To outline the problem we were facing, I'll start with a quick history of Clio. Clio started as a Facebook messenger chatbot where users could ask their questions about their money and receive responses about their finances. For example, asking about your balance or how much you spent on Ubers this month or receiving a push notification when you went over budget because you spent too much at McDonald's. And we quickly found that whilst the text and chat interface was great for engaging with Clio's tone of voice, it sucked for anything more complicated.

Clio needed a front end, and this came in the form of a number of React SPAs accessible through Messenger via web views and driven by our Ruby on Rails back end. You can see an example of what those web views look like on the screen shot on the right there. So Messenger worked great for us as we scaled up the product and allowed us to launch in the US and quickly grow up to a million users just in the space of a couple of years.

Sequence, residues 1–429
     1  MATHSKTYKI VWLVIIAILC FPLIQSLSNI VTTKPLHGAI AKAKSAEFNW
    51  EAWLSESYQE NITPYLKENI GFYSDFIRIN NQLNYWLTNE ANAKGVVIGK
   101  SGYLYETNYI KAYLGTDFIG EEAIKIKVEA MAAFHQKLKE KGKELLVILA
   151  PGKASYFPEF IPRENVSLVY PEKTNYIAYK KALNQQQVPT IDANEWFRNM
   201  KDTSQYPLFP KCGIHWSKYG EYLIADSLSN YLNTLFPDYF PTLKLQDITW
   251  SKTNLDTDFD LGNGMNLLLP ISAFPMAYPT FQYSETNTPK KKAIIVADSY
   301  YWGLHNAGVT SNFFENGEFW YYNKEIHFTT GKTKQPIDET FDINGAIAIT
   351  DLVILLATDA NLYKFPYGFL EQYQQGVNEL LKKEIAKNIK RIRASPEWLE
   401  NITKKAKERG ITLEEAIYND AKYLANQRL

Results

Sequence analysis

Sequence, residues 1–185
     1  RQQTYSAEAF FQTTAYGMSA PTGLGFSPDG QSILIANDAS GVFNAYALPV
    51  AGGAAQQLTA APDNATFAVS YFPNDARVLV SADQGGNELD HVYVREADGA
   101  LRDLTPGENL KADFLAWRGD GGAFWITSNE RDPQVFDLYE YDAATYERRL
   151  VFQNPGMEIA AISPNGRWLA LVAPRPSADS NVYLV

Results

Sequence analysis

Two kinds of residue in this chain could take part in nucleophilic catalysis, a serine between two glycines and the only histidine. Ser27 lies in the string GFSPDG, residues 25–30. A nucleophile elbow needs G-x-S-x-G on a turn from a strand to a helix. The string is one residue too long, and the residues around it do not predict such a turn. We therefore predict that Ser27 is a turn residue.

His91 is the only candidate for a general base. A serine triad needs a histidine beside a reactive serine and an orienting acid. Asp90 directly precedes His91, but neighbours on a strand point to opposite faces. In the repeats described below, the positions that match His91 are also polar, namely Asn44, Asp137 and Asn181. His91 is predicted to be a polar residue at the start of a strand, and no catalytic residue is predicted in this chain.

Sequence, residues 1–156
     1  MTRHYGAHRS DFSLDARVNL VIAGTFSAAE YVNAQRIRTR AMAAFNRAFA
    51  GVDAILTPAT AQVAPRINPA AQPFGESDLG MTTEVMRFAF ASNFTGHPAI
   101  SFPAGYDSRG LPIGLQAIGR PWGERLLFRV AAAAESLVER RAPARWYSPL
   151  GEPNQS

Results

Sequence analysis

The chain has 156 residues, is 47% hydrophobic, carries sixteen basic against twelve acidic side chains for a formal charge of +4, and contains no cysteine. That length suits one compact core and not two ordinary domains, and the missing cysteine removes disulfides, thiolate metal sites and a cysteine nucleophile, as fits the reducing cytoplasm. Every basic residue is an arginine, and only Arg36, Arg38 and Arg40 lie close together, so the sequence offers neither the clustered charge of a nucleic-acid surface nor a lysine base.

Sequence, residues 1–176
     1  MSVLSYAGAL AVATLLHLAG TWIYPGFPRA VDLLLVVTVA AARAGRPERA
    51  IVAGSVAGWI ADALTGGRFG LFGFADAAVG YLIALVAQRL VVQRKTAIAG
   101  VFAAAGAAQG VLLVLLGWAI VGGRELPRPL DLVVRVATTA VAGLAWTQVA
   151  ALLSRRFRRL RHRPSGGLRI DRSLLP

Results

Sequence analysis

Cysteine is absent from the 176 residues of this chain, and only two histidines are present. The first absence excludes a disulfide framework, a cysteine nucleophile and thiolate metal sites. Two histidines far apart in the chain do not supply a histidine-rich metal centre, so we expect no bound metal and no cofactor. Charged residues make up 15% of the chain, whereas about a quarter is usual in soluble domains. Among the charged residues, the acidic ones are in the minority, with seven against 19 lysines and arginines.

However, there were two issues we identified with it. The first was that building on top of Messenger is quite a large business risk, and we were at the whims of Facebook and their app type for a savage personal finance manager living within their ecosystem. The second was that Messenger was a big limit to the user experience we wanted to give our users. Clio needed the visual freedom to express herself as that savage friend who looks out for you and your money, and this wasn't achievable on Facebook Messenger.

So, naturally as a small team of React developers covering the core product, we chose React Native to build out the next version of Clio. We were able to upskill and start delivering Clio's React Native app in a couple of weeks, and we've been iterating on it ever since. Clio had a new home and you can see some of the early designs of the React Native app on the left, and fast forward to today's more recent designs and an example of how we've really taken advantage of breaking out the bounds of Messenger.